#WeAreInternational – New guidance can ensure universities protect and develop international partnerships
Universities are today (15 Oct) publishing guidelines to better safeguard themselves against security-related risks that can result from international collaborations.
The new guidance, ‘Managing risks in internationalisation: Security related issues’ is the first of its kind.
Published by Universities UK [UUK] this guidance will support institutional leaders to better protect themselves, their staff, and their students. It will also assist them to protect the values of UK higher education while better understanding and managing risks associated with international partnerships.
International partnerships are a vital part of what makes the UK’s higher education sector world-leading – with UK institutions made more diverse and enriched by talent from across the globe.
In a world with new and developing threats – including cybersecurity, the theft of intellectual property and data, research collaborations and the security of university campuses – it is important that universities build on work they are already doing and are equipped to mitigate risks so that they are able to work together internationally with confidence.
It is also important that the values of universities are upheld, including the principles of academic freedom, freedom of speech and institutional autonomy. University leaders are encouraged to develop positive reporting processes and build a culture of collective responsibility for upholding them.
The UK government has published ambitious strategies for international education and research, in the form of the International Education Strategy and the UK Research and Development Roadmap. The strategy and the roadmap envisage an increase in activity, both in the volume and value of education exports, and an increase in international research collaborations and partnerships. By managing the risks associated with international expansion, UK universities will play a central role in achieving this goal.
These guidelines, which have been created with input from UK government, have been sent to each of UUK’s 139 members and focus on four key areas that UUK believes institutions must address. These are;
- Protecting your reputation and values including building resilience to security related issues, conducting sue diligence, promoting the values of UK higher education
- Protecting your people though communications and knowledge-sharing as well as those staff and students travelling and working overseas
- Protecting your campuses from cybersecurity attacks, and developing estate and visitor policies
- Protecting your partnerships including research, intellectual property, and transnational education (TNE) partnerships.
UUK has strongly recommended that each university governing body receives an annual report on how the institution is managing the above risks, as well as how the risks are being mitigated. The guidance will be evaluated next year, with an update on progress published in autumn 2021.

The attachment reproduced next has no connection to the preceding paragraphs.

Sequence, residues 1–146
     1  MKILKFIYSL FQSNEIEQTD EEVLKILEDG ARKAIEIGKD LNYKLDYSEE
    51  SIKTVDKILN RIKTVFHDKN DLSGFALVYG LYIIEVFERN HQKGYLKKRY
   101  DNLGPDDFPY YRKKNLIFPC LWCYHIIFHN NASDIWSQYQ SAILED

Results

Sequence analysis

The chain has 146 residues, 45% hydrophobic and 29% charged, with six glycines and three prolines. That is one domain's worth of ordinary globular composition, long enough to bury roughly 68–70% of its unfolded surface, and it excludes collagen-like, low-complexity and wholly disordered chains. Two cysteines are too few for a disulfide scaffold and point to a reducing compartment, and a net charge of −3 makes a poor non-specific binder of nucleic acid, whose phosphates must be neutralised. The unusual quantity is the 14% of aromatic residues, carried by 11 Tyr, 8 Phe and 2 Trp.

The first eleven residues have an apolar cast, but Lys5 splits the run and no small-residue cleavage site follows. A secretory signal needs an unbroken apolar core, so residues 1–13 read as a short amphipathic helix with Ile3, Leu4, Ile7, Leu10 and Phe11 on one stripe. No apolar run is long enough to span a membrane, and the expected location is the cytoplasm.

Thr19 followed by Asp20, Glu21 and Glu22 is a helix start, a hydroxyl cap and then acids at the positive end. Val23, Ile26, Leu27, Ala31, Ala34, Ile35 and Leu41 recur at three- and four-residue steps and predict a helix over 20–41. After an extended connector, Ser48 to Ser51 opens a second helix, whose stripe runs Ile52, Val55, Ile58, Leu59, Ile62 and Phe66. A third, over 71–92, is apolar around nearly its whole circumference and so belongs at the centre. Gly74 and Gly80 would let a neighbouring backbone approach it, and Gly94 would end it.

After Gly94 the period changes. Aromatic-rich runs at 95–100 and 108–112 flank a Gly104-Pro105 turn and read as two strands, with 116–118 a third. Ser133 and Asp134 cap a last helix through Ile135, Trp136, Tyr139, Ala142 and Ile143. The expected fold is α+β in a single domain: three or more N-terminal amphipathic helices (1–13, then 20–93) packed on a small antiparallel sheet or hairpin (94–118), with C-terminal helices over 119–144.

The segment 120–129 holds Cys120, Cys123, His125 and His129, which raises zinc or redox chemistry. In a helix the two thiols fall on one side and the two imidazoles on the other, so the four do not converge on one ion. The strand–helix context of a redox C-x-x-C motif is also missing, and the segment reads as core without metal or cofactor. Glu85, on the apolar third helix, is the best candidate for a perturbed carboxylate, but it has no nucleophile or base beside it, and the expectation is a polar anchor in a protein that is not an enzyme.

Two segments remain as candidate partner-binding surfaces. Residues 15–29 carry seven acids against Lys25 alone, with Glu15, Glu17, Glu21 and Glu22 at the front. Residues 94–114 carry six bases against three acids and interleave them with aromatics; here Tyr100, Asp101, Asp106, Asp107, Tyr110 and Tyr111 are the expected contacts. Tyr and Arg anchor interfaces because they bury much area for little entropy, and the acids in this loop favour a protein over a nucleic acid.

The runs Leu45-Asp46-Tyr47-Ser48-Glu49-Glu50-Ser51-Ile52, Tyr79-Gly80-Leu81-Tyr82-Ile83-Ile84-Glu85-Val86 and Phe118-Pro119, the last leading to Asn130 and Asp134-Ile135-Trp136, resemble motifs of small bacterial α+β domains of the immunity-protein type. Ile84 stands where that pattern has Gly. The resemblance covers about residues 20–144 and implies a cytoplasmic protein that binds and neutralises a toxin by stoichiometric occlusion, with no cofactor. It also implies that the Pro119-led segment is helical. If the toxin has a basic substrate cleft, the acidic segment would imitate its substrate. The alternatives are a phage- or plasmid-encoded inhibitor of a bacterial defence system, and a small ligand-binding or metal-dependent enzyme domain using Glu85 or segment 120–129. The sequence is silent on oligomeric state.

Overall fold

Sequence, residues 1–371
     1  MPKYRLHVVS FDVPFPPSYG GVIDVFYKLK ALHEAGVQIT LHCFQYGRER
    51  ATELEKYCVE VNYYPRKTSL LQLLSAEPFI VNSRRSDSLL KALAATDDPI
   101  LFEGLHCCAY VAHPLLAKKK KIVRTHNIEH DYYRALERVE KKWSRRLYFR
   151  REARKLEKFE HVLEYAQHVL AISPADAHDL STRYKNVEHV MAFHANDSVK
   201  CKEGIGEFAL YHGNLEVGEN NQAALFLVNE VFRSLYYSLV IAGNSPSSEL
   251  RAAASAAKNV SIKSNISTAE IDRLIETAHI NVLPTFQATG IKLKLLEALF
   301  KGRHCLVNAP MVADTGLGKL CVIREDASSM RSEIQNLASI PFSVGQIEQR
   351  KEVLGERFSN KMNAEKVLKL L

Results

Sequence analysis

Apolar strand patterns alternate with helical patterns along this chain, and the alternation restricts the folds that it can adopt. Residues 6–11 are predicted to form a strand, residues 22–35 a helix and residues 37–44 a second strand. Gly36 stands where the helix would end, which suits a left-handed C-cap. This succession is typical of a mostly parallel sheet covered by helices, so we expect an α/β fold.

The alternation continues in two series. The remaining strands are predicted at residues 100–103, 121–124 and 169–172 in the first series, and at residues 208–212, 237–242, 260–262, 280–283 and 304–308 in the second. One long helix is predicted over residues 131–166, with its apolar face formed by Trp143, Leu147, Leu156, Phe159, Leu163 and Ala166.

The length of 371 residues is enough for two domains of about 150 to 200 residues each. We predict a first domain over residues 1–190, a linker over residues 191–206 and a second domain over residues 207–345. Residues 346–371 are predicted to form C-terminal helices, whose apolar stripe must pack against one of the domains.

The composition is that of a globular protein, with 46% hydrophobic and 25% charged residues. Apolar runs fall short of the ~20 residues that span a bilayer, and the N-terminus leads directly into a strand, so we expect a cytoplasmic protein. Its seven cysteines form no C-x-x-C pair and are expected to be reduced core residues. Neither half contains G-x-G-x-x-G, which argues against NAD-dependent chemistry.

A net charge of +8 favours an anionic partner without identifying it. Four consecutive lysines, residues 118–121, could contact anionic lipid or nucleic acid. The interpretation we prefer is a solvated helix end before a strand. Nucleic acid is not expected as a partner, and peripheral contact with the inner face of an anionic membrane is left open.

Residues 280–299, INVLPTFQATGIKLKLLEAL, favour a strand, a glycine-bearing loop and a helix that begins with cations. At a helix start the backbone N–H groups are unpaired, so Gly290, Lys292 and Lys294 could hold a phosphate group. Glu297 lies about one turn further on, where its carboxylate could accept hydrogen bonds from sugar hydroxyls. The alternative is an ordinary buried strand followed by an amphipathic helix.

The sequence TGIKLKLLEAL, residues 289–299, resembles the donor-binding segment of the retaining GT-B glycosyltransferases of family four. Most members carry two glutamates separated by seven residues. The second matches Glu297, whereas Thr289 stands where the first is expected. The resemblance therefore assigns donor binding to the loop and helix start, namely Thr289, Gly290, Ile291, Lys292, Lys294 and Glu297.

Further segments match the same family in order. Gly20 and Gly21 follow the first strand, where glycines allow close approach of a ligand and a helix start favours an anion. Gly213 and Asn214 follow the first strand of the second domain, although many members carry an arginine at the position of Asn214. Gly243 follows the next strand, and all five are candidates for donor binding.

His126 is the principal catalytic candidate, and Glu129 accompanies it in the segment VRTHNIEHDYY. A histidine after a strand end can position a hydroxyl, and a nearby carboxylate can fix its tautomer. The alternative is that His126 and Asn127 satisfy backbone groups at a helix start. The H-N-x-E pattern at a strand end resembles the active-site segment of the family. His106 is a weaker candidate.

The guidelines have been designed to be “future-proof”, so they can be applied to new and emerging threats – as well as ones which are already known to exist.
Professor Sir Peter Gregson, Chief Executive and Vice-Chancellor of Cranfield University and chair of a UUK convened taskforce which drafted the guidance, said:
“These guidelines will help universities protect their students and staff and ensure we are able to pursue and develop secure and sustainable partnerships across the world.
“While every university has mechanisms in place to handle the risks associated with these partnerships, the threats posed are growing in number and complexity and our institutions must remain vigilant and continue to develop their own understanding and practices.
“Our universities are a cultural and research superpower because of our international collaborations and they have a leading role to play in the future prosperity and security of the UK. The benefits that overseas staff and students bring to UK campuses are varied and plentiful, and they increase the competitiveness of the research base and enrich the overall experience for everyone. The UK government’s International Education Strategy makes clear the value of international students and these guidelines will help assure a future for extended international working, safeguarding the excellence of the sector.”
UUK research found that international students contribute £26 billion to the economy each year.
Universities UK International recently published its International Facts & Figures 2020, including information on TNE partnerships and international research collaboration.
UUK is hosting an online conference ‘Security and risk management in higher education: protecting universities from hostile actors’ on this topic on 11-12 November.